Dice are most of the time anathema to Euro gamers. The numbered cubes are seen as the center of luck-driven games. Almost all of us have a tale to tell of knocking on the door of Irkutsk with a giant army only to be fended off by a few lucky rolls.
So it’s with fear and trepidation that I approach a Euro game that integrates a heavy dice element. Such, for example, was how I approached Stone Age. Was my fear merited? Check out my review below!
How It Works
Stone Age is a worker-placement game for two to four players. It usually plays between 60 and 120 minutes (depending on the number and experience of the players). The goal of the game is to score the most civilization points. Players score points by constructing huts and gaining valuable cards.
At the start of the game, each player receives a player board, five cavemen of the player’s color, and ten food. A small cube of the player color begins at the bottom of the farming track, and a large cube begins on the 0 space of the score track.
The game is played over several rounds, and a round consists of three phases: 1) commit workers, 2) perform actions, 3) feed tribe.
In the first phase, beginning with the start player, players place their available cavemen on empty spaces around the board. There are empty spaces in resource areas, special areas (the farm, the “love shack,” and the tool shed), hut tiles, and cards. A player may place as many cavemen as desired in one area (but never more than that area can hold), then the next player does so, and so on around the table until each player has placed all of his cavemen on the board.
Then, beginning with the start player, players resolve their actions in any order they choose. For each caveman in a resource-gathering area, the player will roll one die for that resource. After all dice have been rolled, the sum is divided by the resource number, and the quotient (rounded down) is the number of that resource gathered. Food is the commonest resource, so when hunting, the sum is divided by two. Wood rolls are divided by three, brick by four, stone by five, and gold by six (representing the scarcity of the resource). (For example, a player with three cavemen in the forest rolls three dice for wood. That player rolls a 5, 4, 2, giving a sum of 11. The player divides by 3–the resource number for wood–and gets three wood.)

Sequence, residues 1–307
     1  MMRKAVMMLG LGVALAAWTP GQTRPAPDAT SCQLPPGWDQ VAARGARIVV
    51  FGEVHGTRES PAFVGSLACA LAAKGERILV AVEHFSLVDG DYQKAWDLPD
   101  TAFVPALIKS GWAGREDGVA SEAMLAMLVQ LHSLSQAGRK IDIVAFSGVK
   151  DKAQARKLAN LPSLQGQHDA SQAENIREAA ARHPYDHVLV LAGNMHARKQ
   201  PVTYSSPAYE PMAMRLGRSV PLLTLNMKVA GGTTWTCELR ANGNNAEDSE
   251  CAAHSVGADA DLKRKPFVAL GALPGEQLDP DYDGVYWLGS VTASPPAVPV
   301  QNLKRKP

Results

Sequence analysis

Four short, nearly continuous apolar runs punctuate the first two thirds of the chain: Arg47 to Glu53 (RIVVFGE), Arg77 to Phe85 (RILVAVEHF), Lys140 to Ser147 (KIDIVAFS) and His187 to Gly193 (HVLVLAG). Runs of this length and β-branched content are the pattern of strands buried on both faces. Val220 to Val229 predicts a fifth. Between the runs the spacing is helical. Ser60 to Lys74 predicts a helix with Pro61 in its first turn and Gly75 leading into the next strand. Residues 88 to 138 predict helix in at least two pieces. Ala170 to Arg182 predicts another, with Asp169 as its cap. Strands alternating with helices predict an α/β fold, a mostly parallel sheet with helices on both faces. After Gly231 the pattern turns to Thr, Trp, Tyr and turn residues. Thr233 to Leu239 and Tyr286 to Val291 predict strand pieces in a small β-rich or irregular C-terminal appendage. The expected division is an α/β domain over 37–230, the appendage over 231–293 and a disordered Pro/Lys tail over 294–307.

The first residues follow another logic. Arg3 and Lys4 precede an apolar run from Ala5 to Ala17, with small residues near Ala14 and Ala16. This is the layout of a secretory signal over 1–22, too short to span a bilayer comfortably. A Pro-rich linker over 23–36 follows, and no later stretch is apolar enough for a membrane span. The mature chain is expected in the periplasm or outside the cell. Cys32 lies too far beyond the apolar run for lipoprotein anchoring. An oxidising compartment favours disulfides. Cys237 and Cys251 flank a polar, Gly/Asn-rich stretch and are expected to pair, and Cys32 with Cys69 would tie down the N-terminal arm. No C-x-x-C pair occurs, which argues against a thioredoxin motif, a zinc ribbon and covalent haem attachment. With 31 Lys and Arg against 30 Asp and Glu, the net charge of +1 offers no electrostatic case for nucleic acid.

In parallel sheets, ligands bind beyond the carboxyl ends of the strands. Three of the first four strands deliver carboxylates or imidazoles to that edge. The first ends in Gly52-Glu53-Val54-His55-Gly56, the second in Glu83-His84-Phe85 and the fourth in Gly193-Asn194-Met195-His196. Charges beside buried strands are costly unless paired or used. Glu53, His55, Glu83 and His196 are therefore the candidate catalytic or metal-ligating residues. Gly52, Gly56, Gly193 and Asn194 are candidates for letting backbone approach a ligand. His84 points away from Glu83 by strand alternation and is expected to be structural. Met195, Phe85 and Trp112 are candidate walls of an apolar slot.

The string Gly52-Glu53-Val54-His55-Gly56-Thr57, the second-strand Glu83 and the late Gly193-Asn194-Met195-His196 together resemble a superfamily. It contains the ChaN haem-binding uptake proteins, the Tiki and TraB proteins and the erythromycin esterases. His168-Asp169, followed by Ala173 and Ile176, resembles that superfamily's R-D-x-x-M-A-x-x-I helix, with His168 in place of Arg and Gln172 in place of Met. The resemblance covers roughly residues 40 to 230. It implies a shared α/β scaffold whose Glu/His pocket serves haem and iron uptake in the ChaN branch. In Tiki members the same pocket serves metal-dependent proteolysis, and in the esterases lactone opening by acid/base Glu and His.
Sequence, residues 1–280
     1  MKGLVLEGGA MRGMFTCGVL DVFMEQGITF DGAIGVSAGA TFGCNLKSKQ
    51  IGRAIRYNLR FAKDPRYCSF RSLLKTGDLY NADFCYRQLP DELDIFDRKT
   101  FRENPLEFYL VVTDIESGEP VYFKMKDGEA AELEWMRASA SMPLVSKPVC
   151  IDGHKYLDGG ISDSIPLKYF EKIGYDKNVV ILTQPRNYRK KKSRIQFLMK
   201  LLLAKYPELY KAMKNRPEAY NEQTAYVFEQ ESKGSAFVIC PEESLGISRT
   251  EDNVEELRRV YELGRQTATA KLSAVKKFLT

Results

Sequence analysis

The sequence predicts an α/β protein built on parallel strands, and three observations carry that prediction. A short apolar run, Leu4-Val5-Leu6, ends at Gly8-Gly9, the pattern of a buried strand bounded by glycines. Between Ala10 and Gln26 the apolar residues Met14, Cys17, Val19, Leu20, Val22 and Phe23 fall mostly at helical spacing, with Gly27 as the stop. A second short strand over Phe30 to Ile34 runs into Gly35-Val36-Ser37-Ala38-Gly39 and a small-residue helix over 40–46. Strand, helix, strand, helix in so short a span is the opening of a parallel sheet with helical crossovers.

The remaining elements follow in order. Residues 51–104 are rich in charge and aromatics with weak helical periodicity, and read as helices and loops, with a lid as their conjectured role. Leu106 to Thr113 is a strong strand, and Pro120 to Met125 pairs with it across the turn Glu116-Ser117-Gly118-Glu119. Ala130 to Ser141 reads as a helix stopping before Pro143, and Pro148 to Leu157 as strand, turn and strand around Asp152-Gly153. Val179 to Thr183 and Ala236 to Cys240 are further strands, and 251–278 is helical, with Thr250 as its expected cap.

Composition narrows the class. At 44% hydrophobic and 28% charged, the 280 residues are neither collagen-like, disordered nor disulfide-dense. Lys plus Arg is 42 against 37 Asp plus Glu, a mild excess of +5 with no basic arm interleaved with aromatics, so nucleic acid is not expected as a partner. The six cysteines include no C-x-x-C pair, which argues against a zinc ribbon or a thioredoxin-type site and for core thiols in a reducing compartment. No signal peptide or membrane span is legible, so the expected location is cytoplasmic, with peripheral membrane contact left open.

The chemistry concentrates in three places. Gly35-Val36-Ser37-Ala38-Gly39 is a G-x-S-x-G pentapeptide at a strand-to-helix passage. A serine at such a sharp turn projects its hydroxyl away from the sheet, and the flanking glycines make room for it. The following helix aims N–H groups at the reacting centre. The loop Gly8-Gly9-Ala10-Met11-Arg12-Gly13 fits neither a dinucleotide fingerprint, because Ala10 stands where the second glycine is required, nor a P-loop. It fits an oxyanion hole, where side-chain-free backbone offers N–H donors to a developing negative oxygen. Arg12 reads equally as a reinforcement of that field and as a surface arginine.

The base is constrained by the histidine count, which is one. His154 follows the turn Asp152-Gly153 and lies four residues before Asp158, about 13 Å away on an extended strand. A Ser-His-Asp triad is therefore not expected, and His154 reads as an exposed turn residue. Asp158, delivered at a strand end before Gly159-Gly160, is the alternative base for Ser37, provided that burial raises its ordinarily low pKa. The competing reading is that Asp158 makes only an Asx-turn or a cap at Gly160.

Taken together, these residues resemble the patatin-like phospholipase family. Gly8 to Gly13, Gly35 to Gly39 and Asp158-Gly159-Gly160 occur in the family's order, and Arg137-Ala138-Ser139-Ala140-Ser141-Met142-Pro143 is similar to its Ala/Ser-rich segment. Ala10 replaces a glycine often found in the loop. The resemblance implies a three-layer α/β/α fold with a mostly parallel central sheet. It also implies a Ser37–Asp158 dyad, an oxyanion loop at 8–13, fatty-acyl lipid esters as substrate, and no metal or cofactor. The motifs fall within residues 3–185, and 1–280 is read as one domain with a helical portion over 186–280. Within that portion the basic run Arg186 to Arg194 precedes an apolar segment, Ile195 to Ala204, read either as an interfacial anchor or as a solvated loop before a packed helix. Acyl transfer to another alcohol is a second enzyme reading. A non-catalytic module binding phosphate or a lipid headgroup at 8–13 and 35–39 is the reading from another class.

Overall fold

Players also resolve their cavemen’s actions on special spaces of the board. The farm allows the player to move up one space on the food track (which provides free food every turn for feeding your tribe, lessening the need to hunt). Placing two cavemen on the “love shack” produces another caveman worker (…). A caveman placed on the tool shed gains the next level of tool, which can be used to mitigate bad dice rolls.
Players resolve any hut tiles their cavemen occupy by paying the bank the indicated resources and gaining the corresponding number of civilization points. Players also resolve cards by paying one through four of any resources and collecting the card. Each card provides an immediate benefit (something like resources, tools, or food) and an endgame scoring benefit–either by set collection (the grassy backgrounds) or by special scoring conditions (sandy background).
The game ends whenever any hut pile is empty or there are no cards to refill the card market on the board. Players add civilization points to their score based on the cards they’ve collected, and the player with the most points wins.
After my first game of Stone Age, I described it–derisively–as “Agricola Lite,” Agricola with the tension removed. Today, I still describe it that way, only I no longer consider that aspect a negative.